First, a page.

Theatre Review: Personal and Political mix in play

Community News & Features Feb 8, 2013 at 3:03 pm

By Beatrice Paez


When the lives of revered political figures are stolen at the height of their prime, their ghosts inspire a long train of literary works.

Nina Lee Aquino searched no further than her family tree to find material for her sophomore effort as a playwright. Every Letter Counts, which runs at Factory Theatre is set in the days leading up to Benigno (Ninoy) Aquino’s assassination, told in the eyes of his six year old niece, re-imagined years passed.

It’s a personal meets political account of life lessons inherited from the four days they shared in his exile. Over a game scrabble, Aquino teaches Lee Aquino’s stubborn character, Bunny to make the best with life’s random draws.

What is a story in finding oneself gets buried in mounting historical facts that at best illuminates an ongoing struggle mediated by familial experiences.

The play is accessible insofar as it mimics the rhythm of the Philippine language and speaks to the hyphenated experience, being caught between two worlds and of an indifference to learning about one’s heritage before hitting university or college. Even with the storied family name, Bunny “didn’t know” she was Filipino.

Growing up in Texas, a distance away from the scrutiny of former president Ferdinand Marcos, Lee Aquino was an unacquainted with her uncle’s crusade against martial law. If she had any doubts as a young girl about what her uncle stood for, her play never lets its audience forget.

Her freedom-fighting uncle is mythologized as a man of the same stature as John F. Kennedy, just as headline grabbing and gripped with a family curse of a leading a short but promising life. Those memorializing moments are cringe worthy, with Aquino invoking his birthright as one of his underlying motivations for facing off with Marcos.

The play has its moments, where real-life anecdotes make their way into the script and the dynamics between brothers are staged. The story moves between past and present tense, from summoning rousing speeches sprung from the archives to unleashing festered emotions. Actors Jon de Leon and Earl Pastko, who play Aquino and Marcos respectively, reenacted the dueling polemics between the two with vigor and bite.

Bunny is a guarded, but inquisitive six-year-old, working through her dyslexia, unscrambling letters with her uncle over scrabble. Lee Aquino’s performance as a six-year-old was restrained for the most part, but devolved into a shameful fit, an onstage explosion of hurling chairs and expletives as she took on her older self.

Lee Aquino’s play is a mirror into her thoughts about her family’s legacy and serves its audience a slice of Philippine history. And in a classic case of art imitating life, the twin narrative of a revolution played itself out a Factory Theatre and the aftermath is still settling.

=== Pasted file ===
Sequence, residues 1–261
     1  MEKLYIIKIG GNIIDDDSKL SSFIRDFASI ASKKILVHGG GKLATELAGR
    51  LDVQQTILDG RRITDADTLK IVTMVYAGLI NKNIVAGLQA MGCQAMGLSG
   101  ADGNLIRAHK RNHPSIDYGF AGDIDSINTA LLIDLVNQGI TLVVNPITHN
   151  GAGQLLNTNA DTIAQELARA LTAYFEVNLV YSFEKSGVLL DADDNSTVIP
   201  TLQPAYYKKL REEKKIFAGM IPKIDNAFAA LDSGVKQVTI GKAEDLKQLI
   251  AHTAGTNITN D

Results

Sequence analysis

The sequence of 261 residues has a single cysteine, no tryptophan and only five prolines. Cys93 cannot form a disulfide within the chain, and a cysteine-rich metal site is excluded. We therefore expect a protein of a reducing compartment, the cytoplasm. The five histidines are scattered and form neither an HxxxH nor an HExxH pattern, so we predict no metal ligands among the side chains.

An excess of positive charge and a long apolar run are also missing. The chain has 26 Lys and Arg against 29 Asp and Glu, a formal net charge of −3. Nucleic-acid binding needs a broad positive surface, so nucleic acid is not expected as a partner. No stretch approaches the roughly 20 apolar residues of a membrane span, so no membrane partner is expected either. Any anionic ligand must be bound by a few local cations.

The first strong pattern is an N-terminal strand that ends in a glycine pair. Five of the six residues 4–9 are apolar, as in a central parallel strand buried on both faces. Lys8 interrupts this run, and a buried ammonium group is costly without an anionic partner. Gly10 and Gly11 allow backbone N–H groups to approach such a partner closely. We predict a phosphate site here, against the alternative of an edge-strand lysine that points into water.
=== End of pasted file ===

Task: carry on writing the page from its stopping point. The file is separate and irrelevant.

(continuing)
Director Nina Lee Aquino

When Ken Gass, the theatre’s founder and artistic director was sacked, Lee Aquino and the play’s director, Nigel Shawn Williams were installed as interim artistic directors. In solidarity with Gass, other heavyweights left, leaving a vacuum of work to be staged.

The position will allow her to hire new playwrights and actors for the season. And if anyone is up for that challenge, it’s Lee Aquino, who has an impressive resume in building a stage for diversity in the theatre. She co-founded fu-Gen Asian-Canadian Theatre Company, which celebrated its 10th year in production, and heads Cahoots Theatre Company, which develops and produces works that explore Canada’s cultural diversity.

With a new post to add to her credentials, she is looking forward to expanding her mission to bring the voices of ethnic communities to the mainstream. “I love being able to empower the community. I consider myself a public servant to the theatre community,” she says. “That’s why I take power positions because I feel like it’s a vehicle for me to bring the community onto the next level with me.”

But she cautions that her mandate needs equal support from the community to stick. Support from the Filipino community in particular, she notes, has been lukewarm. The younger Filipino generation is becoming more engaged, but more seats need to be filled with diverse faces, she adds.

Lee Aquino makes a case for seeing her play, “Do you want to see yourself on stage? Then see this play. Do you want to learn about a chapter in Philippine history? Then go see this play.”

The play runs until February 24. Tickets are $22-42.
Contact the box office for more details: 416-504-9971